Toutai Kefu will lead fundraising efforts for tsunami-hit Tonga in Brisbane before setting his sights on an emotional Rugby World Cup push.
Kefu is himself recovering after a terrifying home invasion last August that left the former Wallabies great in hospital and his wife, son and daughter all injured.
He will continue as Tongan coach though and France’s 2023 World Cup has Kefu’s full attention.
The tiny South Pacific island nation must beat Hong Kong later this year to qualify, Kefu set to fly to Europe before that Test to meet with English and French-based players.
He described eligibility rule tweaks that will allow Tongan-born talents to represent their country three years after playing for another nation as a “game changer”.
It means former Wallabies and All Blacks Israel Folau, Charles Piutau, Malakai Fekitoa, Sekope Kepu, Adam Coleman, Vaea Fifita, George Moala, Augustine Pulu and Atu Moli could all feature in France.
“Tongans build their life around family and faith and things like this, for such a little nation, really bring the family together,” he said of how the tragedy had impacted the squad.
“I’ve spoken to a lot of players already and they’re really looking forward to playing for and representing Tonga.”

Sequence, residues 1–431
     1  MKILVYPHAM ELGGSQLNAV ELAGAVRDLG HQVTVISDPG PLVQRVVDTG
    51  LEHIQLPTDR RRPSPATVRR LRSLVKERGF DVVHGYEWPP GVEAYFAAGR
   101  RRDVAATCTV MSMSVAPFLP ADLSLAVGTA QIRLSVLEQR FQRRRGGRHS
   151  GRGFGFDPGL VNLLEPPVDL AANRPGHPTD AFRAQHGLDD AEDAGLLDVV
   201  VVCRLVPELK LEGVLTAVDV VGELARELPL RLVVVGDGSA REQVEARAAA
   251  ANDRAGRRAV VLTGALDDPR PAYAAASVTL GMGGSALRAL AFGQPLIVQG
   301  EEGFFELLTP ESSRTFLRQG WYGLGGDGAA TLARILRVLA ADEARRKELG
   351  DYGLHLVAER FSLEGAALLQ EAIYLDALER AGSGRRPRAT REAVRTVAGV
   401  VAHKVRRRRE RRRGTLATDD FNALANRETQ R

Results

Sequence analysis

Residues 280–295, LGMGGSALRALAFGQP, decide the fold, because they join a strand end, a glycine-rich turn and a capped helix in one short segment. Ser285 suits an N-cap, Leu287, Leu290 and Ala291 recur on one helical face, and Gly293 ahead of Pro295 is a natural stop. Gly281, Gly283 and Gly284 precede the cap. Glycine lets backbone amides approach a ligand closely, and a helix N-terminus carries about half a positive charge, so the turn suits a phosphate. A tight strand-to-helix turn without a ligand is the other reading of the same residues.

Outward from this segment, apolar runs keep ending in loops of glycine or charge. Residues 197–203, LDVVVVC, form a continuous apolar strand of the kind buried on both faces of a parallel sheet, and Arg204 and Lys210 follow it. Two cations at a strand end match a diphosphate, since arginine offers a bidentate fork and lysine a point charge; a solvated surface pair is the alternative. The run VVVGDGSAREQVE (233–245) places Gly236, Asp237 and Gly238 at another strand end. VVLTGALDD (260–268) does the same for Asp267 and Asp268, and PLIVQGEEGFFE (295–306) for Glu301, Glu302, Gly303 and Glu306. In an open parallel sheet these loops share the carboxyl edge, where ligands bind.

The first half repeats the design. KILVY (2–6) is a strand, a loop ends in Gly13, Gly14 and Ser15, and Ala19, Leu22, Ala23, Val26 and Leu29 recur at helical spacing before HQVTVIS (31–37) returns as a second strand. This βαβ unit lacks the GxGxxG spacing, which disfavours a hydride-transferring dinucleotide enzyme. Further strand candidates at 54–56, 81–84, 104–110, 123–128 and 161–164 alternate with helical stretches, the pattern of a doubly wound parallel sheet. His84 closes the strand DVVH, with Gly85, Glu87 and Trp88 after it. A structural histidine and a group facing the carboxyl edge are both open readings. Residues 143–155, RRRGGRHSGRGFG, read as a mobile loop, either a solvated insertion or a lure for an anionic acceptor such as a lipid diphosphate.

But first he’ll lend his expertise to a Tongan invitational side that will face the Vintage Reds in a Super Rugby Pacific curtain raiser on February 19 at Suncorp Stadium, before the Reds begin their season against the Melbourne Rebels.
Donations will be channelled to a direct impact, on-ground organisation assisting the recovery of Tongan homes and lives.
George Smith, Digby Ioane, Radike Samo, Wendell Sailor, Lote Tuqiri, Nathan Sharpe, Chris Latham, James Horwill and Scott Higginbotham are some of the names tipped to lace up the boots.
Kefu was like many current Reds players, including Taniela Tupou, with relatives still living on the island fearing the worst.
“Tongan people are used to cyclones and volcanic eruptions; we’re a pretty resilient race,” Kefu said.
“But nonetheless, whenever something like that happens, there’s always concern for family members.”